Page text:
Curveball: the Year I Lost My Grip

Tuesday, August 14th, 2012

curveballby Jordan Sonnenblick, 285 pages, Grades 7-9

 
Peter and his best friend are the dynamic duo on the baseball field until Peter severely injures his elbow at the end of eighth grade.  Peter begins high school trying to figure out who he is, if  he is no longer a pitcher, and how he can fit in. On top of that something strange is happening to his grandfather, who is his best friend, and he can’t talk to his parents about it.  Luckily his photography teacher partners him with a cute girl who is actually pretty hilarious, so maybe he won’t have to figure it all out on his own.
 
If you enjoy books about personal struggle and identity you might also enjoy Running Dream, by Wendelin Van Draanen, The Cardturner, by Louis Sacher, Scrawl, by Mark Shulman, or Okay for Now, by Gary D. Schmidt
 

Moon Over Manifest

Monday, August 13th, 2012

PDF Creation in Quark 7by Clare Vanderpool, 351 pages, Grades 5-8

 
Abilene is used to moving from place to place in 1936.  She and her dad never stay too long anywhere so she has seen a lot of different towns in her 12 years.  Unstable as life on the road might seem to an outsider, Abilene’s dad has been the one constant in her life; they always stick together.  This summer, though, things are different; her dad just drops her in his hometown of Manifest with complete strangers (his father’s good friends) and leaves her there alone.  He says it is just for the summer, but Pastor Shady makes her attend the last day of school anyway.  At first she thinks she’ll be quietly counting the days until her stay in Manifest is over, but then she discovers a loose floorboard with treasures beneath:  letters and mementos about the town in 1918 and a notorious WWII spy called the Rattler.  Abilene is surrounded by mysteries and is determined to discover how these characters fit together and what they can teach her about her father’s personal history as well.
 
If you enjoy stories about kids overcoming family hardship, you might also enjoy Waiting for Normal, by Leslie Connor, or Absolutely Normal Chaos, by Sharon Creech, or A Dog for Life, by L.S. Matthews.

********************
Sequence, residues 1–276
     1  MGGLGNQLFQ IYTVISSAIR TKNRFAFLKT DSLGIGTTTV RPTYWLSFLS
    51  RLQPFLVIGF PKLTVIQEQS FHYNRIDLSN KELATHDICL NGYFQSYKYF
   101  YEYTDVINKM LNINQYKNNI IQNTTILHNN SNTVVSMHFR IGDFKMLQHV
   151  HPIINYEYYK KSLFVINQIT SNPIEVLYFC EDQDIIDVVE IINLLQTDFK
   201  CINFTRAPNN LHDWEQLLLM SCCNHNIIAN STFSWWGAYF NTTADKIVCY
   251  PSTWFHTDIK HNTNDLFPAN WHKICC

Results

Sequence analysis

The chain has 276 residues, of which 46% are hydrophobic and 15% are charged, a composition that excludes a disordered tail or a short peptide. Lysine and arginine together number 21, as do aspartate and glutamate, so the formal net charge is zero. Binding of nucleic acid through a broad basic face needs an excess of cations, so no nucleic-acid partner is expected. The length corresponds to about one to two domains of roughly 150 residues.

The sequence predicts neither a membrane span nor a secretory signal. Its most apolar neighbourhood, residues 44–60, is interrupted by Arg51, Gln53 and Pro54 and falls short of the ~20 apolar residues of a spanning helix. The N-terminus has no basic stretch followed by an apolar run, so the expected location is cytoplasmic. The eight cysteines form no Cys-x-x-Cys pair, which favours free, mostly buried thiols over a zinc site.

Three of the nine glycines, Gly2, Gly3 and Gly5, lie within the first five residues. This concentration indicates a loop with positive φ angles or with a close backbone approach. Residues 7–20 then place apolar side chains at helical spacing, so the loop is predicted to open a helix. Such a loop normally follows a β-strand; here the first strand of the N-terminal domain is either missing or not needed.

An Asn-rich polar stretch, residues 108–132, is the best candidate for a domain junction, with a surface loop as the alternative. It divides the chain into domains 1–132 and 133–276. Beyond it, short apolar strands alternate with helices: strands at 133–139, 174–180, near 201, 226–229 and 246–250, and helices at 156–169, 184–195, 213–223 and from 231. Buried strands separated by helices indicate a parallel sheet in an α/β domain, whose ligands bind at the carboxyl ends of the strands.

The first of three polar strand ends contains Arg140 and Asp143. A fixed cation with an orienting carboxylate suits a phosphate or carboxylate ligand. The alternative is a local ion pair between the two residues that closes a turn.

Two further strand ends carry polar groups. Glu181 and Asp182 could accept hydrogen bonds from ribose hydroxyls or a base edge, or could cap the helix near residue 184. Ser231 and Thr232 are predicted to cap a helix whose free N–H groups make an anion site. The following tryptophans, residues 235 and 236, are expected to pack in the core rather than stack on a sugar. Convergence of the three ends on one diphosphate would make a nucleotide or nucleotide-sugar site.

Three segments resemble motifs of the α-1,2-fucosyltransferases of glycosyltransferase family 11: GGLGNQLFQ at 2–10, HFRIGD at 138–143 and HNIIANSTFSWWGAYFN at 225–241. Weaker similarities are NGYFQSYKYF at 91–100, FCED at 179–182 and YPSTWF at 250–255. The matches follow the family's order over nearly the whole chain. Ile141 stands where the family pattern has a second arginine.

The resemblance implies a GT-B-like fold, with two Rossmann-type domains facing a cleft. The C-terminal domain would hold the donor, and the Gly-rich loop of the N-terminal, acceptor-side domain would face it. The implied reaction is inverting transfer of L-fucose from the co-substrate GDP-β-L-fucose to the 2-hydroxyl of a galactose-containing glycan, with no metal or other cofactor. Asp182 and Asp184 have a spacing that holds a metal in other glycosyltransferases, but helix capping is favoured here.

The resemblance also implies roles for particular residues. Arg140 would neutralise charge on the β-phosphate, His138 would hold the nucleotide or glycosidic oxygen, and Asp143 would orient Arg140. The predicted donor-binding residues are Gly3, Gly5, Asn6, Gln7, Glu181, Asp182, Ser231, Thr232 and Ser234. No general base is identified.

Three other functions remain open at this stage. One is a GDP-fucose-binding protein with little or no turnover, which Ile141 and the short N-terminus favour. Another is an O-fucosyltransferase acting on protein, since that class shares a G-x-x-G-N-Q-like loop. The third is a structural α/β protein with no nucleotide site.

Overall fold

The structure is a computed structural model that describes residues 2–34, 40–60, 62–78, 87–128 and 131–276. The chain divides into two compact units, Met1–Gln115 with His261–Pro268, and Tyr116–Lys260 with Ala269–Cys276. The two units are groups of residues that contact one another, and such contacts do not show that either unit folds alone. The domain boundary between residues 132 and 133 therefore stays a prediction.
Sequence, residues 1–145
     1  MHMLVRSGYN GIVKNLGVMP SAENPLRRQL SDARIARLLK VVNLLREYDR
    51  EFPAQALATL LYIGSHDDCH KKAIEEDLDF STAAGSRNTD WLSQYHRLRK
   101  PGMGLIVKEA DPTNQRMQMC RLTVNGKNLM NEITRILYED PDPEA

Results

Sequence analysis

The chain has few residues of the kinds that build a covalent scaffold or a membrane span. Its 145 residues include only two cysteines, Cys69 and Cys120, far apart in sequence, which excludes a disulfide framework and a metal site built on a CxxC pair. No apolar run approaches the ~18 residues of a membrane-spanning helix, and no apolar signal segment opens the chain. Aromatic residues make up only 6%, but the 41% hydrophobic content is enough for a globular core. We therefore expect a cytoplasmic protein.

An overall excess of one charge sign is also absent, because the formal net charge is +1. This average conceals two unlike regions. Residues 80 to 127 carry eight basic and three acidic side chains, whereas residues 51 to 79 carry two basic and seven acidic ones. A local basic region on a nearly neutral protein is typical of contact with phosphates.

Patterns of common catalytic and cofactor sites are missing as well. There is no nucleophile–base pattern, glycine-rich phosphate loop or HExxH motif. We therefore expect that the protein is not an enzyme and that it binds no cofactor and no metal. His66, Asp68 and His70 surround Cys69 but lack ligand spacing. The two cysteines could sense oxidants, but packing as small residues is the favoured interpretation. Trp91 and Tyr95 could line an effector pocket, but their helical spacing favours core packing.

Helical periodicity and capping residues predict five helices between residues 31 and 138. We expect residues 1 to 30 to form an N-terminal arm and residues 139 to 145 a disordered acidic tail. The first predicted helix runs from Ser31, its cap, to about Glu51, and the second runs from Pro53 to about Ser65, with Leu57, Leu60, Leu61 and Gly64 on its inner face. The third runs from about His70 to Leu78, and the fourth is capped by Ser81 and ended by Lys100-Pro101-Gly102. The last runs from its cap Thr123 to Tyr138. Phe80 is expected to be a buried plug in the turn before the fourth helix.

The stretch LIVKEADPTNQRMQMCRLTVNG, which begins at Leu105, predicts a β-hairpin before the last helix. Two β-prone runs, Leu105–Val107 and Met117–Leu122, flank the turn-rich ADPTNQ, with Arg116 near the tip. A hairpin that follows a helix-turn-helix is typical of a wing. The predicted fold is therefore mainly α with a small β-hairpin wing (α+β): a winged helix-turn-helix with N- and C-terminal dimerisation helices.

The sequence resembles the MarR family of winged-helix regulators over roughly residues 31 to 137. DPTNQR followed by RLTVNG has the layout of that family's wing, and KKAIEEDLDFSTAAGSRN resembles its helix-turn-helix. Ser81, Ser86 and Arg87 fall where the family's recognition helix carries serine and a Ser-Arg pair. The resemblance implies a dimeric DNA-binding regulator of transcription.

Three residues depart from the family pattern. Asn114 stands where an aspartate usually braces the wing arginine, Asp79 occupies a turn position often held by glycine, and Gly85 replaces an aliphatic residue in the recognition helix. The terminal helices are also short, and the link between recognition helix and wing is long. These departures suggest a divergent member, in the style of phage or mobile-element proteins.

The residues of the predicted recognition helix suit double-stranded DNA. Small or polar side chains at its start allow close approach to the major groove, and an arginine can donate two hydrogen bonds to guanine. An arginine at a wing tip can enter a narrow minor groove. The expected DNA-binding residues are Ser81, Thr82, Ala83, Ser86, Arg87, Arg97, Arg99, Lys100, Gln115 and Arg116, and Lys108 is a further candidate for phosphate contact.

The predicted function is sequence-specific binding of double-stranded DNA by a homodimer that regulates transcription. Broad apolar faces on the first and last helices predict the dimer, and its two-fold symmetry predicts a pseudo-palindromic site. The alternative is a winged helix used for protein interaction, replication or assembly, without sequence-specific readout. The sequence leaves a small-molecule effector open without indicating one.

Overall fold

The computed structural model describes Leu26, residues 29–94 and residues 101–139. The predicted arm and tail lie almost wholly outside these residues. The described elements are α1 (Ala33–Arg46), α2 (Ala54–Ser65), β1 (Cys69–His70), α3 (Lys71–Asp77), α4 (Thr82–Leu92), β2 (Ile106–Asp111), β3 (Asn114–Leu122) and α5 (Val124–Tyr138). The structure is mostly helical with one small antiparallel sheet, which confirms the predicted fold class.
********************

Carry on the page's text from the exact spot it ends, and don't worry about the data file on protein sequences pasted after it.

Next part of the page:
Elsewhere

Monday, August 13th, 2012

elsewhereby Gabrielle Zevin, 276 pages, Grades 7-10

 
Lizzie’s end begins on a boat on its way to Elsewhere, but Lizzie doesn’t understand how she got there or where she is going.  The last thing she remembers was her bike ride to the mall; she was supposed to meet Zooey to pick out prom dresses.  This must be a dream:  a boat full of old people, no one almost 16 like Lizzie, and a rock star who says that he is dead.  But Lizzie can’t wake up.  Elsewhere is a backwards world of young grandparents, tattoos that grow brighter and disappear instead of fading, auto accidents that do not cause pain, and pets who communicate with people.  Why does Lizzie find herself in Elsewhere and how can she get back home?  Will she get her driver’s license as planned? Will prom happen without her?
 
Other books for those who enjoy alternate realities and after-death possibilities include Everlost, by Neal Shusterman, or The Graveyard Book, by Neil Gaiman
 

Food Rules: An Eater’s Manual

Monday, August 13th, 2012

food-rules-cover-484by Michael Pollan, Illustrated by Maira Kalman, 207 pages, all ages

Eating healthy food has become complicated in the modern western world.  According to Michael Pollan many of us have grown up eating “edible foodlike substances” instead of, or in addition to real food.  The food industry’s advertising and marketing has made finding healthy food very complicated.  Pollan has a simple message:  “Eat food, mostly plants, not too much.”  He breaks into some clever and easy-to-follow rules for healthy eating including:  “Avoid food products containing ingredients that no ordinary person would keep in the pantry,” “Eat animals that have themselves eaten well,” and “Eat when you are hungry, not when you are bored.”
If you enjoy reading about the food we eat you might also enjoy Man Eating Bugs: the Art and Science of Eating Insects, by Peter Menzel.

Earth Unaware: the First Formic War

Monday, August 13th, 2012

earth unawareby Orson Scott Card and Aaron Johnston, 368 pages, Grades 7 and up.

Before the earth began preparing for the inevitability of alien contact, before they had faster than light speed communication capabilities, before they had Ender to pin their hopes on, earth was caught unaware.  This is the story of the world before the first Bugger invasion.  It is the first book of a new trilogy that tells what happened before Ender’s Game began; it is the story of earth’s incredible survival in a war they were unprepared for, and staggeringly unequipped to participate in, but when aliens attack people of earth do anything and everything to protect their homeland.

If you enjoyed the Ender’s Game series this new trilogy will not disappoint, but better read after Ender’s Game itself.